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Current lupus treatments disable the immune system
In a lupus flare, the immune system attacks the body’s own cells, leading to chronic inflammation and damage. Most existing treatments suppress the immune system altogether, which can prevent a flare, but also reduces the body’s protections against all of the illnesses and pathogens the immune system is supposed to protect from.
Solution: Stop the inflammation cycle before it begins
Researchers at Duke University discovered a nucleic acid-binding polymer that cleans up the DNA and RNA left over from dead cells, which normally cause the immune system to initiate an attack.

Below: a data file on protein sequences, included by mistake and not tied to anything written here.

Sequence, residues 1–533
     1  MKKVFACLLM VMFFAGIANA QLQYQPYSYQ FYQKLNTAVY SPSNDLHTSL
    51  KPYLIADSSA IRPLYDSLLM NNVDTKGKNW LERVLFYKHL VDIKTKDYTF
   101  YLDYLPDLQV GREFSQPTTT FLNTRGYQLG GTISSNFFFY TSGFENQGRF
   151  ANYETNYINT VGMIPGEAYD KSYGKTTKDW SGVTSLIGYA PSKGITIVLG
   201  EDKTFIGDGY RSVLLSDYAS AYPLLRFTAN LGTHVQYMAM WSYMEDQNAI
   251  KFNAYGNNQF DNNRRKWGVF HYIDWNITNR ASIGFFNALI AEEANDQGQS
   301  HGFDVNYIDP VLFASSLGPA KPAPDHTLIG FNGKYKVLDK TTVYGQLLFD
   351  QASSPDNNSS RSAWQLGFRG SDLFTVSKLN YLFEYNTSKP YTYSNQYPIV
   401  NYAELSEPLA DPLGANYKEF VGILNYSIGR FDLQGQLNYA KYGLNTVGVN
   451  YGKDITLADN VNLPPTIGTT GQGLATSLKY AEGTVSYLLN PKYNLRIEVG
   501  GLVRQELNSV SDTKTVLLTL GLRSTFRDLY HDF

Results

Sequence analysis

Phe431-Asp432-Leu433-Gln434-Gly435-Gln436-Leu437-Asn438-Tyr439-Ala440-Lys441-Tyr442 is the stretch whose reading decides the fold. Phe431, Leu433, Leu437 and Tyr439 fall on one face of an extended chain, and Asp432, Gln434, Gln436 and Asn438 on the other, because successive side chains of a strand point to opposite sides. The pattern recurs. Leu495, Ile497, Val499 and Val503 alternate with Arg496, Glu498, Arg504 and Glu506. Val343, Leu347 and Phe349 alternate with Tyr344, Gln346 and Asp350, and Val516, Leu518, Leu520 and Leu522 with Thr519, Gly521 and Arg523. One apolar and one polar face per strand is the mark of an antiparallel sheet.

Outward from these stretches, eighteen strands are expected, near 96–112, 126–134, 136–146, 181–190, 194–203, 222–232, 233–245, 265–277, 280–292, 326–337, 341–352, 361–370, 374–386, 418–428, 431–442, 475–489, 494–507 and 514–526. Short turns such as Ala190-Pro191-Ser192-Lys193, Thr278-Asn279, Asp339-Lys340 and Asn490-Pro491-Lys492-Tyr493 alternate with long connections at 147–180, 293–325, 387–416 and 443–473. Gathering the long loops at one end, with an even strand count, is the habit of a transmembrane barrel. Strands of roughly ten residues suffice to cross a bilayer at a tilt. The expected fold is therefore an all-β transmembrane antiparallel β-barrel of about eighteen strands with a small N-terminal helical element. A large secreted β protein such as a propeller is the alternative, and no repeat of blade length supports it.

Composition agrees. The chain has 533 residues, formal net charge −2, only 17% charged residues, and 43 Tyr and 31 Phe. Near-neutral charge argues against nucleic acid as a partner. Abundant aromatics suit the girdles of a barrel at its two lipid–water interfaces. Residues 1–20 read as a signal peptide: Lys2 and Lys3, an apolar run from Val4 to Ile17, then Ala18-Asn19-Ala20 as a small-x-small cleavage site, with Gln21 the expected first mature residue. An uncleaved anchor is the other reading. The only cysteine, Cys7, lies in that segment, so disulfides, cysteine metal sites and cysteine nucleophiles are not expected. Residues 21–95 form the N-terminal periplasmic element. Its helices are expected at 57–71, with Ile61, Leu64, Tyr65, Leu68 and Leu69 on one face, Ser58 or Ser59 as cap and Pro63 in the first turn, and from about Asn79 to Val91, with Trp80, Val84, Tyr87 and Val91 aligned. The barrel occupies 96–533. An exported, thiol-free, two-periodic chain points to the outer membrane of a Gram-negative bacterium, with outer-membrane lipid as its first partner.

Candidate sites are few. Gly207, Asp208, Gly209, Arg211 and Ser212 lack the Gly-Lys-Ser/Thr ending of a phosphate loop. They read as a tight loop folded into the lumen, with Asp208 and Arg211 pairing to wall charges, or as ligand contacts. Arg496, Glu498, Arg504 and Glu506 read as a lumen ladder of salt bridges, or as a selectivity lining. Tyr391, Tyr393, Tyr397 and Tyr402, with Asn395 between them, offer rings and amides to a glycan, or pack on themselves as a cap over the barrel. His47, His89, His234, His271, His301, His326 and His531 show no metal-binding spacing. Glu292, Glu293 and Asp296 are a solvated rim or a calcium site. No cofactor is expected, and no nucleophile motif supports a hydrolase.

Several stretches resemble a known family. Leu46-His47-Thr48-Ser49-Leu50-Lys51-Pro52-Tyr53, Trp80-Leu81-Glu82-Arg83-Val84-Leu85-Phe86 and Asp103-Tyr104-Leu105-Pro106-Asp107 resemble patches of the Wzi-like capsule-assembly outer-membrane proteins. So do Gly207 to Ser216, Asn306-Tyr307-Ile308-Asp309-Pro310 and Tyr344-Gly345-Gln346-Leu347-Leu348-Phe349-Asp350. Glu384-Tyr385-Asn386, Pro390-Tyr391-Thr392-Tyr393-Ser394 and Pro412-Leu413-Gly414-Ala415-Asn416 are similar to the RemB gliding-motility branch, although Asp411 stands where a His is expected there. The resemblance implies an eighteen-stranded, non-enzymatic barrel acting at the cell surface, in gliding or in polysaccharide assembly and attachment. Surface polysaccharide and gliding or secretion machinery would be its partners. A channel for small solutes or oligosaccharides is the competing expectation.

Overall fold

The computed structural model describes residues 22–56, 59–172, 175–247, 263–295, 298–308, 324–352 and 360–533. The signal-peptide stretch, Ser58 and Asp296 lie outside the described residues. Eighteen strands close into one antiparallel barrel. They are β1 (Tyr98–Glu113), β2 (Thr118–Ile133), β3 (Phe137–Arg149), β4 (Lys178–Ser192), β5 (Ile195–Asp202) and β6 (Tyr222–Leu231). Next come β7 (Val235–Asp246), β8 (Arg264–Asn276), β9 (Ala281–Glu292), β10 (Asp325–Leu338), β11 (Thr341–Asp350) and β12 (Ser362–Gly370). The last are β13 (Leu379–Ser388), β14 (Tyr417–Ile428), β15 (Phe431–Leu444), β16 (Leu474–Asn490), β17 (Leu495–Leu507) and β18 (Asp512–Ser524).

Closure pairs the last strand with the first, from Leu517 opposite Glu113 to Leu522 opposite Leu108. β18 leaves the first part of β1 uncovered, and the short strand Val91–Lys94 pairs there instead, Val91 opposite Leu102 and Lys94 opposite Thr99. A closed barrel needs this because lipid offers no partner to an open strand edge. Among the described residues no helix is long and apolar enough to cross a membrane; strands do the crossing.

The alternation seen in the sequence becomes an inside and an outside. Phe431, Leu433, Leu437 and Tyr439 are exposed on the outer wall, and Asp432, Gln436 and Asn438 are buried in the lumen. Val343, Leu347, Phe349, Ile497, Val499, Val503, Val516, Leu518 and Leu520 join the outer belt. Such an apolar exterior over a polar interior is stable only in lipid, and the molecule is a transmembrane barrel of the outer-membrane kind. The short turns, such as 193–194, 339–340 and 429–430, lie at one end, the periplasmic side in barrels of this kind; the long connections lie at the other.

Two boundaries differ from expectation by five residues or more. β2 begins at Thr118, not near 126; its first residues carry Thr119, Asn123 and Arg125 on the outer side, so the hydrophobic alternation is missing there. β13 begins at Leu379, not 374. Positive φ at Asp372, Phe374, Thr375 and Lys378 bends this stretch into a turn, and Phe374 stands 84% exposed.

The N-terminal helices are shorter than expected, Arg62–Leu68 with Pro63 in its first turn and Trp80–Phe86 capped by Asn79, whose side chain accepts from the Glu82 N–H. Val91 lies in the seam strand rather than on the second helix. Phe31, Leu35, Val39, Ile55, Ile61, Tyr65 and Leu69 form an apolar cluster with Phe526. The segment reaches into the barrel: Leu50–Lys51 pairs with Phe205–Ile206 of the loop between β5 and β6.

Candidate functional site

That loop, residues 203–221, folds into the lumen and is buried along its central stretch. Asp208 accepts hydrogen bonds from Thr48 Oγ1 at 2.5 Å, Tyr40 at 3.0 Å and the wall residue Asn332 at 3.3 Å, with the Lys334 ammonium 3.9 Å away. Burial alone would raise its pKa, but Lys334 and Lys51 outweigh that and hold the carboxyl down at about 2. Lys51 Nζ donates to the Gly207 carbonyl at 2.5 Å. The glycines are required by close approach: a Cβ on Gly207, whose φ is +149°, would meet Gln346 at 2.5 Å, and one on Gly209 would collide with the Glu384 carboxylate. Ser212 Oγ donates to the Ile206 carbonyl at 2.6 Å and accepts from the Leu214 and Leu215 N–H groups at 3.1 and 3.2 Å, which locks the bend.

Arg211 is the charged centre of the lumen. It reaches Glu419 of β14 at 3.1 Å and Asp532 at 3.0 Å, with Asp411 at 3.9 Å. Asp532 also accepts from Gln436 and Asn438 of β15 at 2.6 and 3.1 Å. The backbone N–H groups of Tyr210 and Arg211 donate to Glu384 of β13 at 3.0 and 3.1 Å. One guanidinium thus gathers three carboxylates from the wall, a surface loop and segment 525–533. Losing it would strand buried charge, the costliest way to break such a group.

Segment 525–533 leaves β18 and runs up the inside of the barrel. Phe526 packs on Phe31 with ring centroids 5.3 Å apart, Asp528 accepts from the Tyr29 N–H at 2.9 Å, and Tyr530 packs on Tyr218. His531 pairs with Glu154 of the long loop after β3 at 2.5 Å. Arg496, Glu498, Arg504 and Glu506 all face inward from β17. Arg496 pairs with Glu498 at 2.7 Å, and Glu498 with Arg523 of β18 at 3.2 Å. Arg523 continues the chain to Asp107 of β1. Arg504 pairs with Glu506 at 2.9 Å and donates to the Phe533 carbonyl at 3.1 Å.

“This debris left by dead cells can mistakenly signal to the body that there is an infection that warrants immune action, triggering the innate immune system,” said Dr. Bruce Sullenger, director of the Duke Translational Research Institute. “By selectively targeting the source of the immune activation rather than shutting off the innate immune system downstream, these nucleic acid scavengers are able to limit pathological inflammation without compromising one’s ability to fight a viral infection.”